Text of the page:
- Moving Stores Off Volusion
- Volusion Support Response Times Increase. Result of layoffs?
- Feeling Limited by Volusion's Native Followup Email System?
- 50 Tips To Increase eCommerce Sales Conversion
- BigCommerce is now PCI Complaint
- Drop Shipping Deadend
- 3DCart Moves to the Head of the Pack
- Preventing Failed AVS Fund Holds for Debit Card and Check Cards
- Join Our Merchant To Merchant Forum!
- Link Building For Your Store Brain Dump
Link Building Brain Dump
Here's a list of link building ideas and rules of thumb for store. I'll update as I think of ideas. Got any of your own? Drop them in the comments below and I'll add them to the master list.
Merchant Account 411
For those new to ebusiness, here is an overview of all you need to know about merchant accounts. Merchant accounts offer a way to ease your tasks while dealing with all your financial transactions in the form of the Merchant Service Provider system. This payment system allows you to conduct all your credit card payments whether its goods or services. The Merchant Service Provider facilitates you in easy processing of credit cards.
Going ahead of the traditional credit card terminal, the merchant of today can opt to rent, buy, and lease or secure the terminal in exchange for some contractual obligations from a merchant processor, of course, the business owner must carefully review the terms and conditions before selecting a merchant processor and a credit card terminal
Accepting credit card payment online carries great responsibility. Merchants must take every step to protect the integrity of ALL the data collected from their customers. Why? You can lose your shirt if you don’t.
The credit card companies have banded together and created a standard for the use and storage of credit card data for ecommerce companies. This standard is called the Payment Cart Industry Data Security standard (or PCI for short). It applies to ALL ecommerce merchants both big and small. If you sell something online and accept credit card payment, you HAVE to be aware of the PCI standard. Why? If your store is found to be non-complaint, you can lose the ability to collect credit card payments, be targeted by a class action suit and face HEAVY fines. Believe me, it’s a whole lot easier being complaint.
Selecting a Gateway and Merchant Account Provider.
Every online store that wants to accept credit card payment needs both a payment gateway and a merchant account. The tricky part is selecting which company (or companies) to go with. You can use one company for a gateway and another for your merchant account but that might over complicate things. I suggest taking the one-stop shopping approach. Most merchant account providers also offer merchants a payment gateway. I use both Paymentech and Authorize.net and I’m happy with both.
If you’re in the market for a merchant account, you be best serve to contact these two companies:
E-Commerce 101: Merchant Accounts
I’m going to start a series of blog entries that cover the beginning steps of opening an online store. This is the first of the series. Enjoy!
A Merchant Account is a relationship between an online retailer and a merchant bank that enables retailers to accept web-based credit card payments from their customers. This is the account which a Merchant Account provider deposits payments into the merchant's business checking account from the transactions that are made online. To qualify for a merchant account, retailers must meet the bank's requirements.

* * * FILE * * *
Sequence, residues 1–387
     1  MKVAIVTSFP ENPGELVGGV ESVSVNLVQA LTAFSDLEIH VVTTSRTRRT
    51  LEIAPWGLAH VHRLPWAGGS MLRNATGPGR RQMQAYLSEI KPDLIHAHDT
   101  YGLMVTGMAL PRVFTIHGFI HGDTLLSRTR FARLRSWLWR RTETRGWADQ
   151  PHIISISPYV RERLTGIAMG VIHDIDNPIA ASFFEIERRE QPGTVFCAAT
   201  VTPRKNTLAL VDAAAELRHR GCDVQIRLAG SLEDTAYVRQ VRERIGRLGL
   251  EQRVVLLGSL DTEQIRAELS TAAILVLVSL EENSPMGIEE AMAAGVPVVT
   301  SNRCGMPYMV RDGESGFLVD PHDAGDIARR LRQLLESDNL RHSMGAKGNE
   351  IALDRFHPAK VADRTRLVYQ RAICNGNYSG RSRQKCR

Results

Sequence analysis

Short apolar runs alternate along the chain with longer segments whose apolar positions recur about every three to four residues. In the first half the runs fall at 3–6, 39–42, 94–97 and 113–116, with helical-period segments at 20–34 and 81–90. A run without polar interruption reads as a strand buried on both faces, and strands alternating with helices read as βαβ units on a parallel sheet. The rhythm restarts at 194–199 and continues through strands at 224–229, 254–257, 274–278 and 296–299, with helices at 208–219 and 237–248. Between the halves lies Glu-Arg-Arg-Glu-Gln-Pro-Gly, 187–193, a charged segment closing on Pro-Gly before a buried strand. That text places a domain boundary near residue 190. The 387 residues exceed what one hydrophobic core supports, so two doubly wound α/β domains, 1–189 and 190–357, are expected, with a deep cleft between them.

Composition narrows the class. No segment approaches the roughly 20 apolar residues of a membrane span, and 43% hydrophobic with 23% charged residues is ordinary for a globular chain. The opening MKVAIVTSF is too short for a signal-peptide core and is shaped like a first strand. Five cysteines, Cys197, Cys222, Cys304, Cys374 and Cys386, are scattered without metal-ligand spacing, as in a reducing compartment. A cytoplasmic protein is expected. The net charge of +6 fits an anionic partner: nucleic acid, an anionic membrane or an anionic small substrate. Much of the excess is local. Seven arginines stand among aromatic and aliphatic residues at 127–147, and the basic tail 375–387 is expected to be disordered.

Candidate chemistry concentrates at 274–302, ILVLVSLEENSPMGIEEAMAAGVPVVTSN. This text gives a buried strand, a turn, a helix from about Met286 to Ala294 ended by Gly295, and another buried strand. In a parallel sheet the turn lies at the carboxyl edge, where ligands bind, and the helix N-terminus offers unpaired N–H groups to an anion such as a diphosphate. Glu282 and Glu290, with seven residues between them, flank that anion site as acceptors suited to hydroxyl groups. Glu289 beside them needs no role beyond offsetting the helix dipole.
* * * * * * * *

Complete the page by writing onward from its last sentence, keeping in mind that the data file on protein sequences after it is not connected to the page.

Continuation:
Just about every merchant will get the dreaded chargeback notice sooner of later. Unfortunately, it’s part of ecommerce and truly hard to avoid. Bearing this in mind, merchants are forced to stay on their toes as the credit card company place all the risk upon merchant's shoulders. An important part of running a successful ecommerce website is minimizing chargebacks so as to not only avoid monetary loss but also to stay in business. If you store racks up too many chargebacks, it won’t be long until the store’s merchant account is revoked.
What is a chargeback?
A charge back occurs when a customer disputes a charge on their monthly statement. The customer calls the issuing credit card company and answers a few question on the charge in question and then the chargeback process is set in motion. A letter is then sent notifying the merchant of the chargeback or charge dispute and from this point forward, it’s up to the merchant to prove the charge is legitimate. If the merchant can’t successfully argue this case, the charge is reversed and money is automatically withdrawn from the merchant’s bank account. To make matter worse, the merchant is then charged with a chargeback fee that is typically in the $20.00 dollar range.
The industry is racing to tighten security standards and the online merchant is now burdened with becoming an expert in all the different credit card industry regulations. The onus is on the merchant to protect all the informationthat they gather. Each credit card company has very specific regulations that all merchants that process their cards must follow. Leading the charge are the CISP and the PCI regulations.
About the CISP and PCI regulations:
CISP compliance is required of all merchants and service providers that store, process, or transmit Visa cardholder data. The program applies to all payment channels, including retail (brick-and-mortar), mail/telephone order, and e-commerce. To achieve compliance with CISP, merchants and service providers must adhere to the Payment Card Industry (PCI) Data Security Standard, which offers a single approach to safeguarding sensitive data for all card brands. This Standard is a result of a collaboration between Visa and MasterCard and is designed to create common industry security requirements, incorporating the CISP requirements. Other card companies operating in the U.S. have also endorsed the PCI Data Security Standard within their respective programs.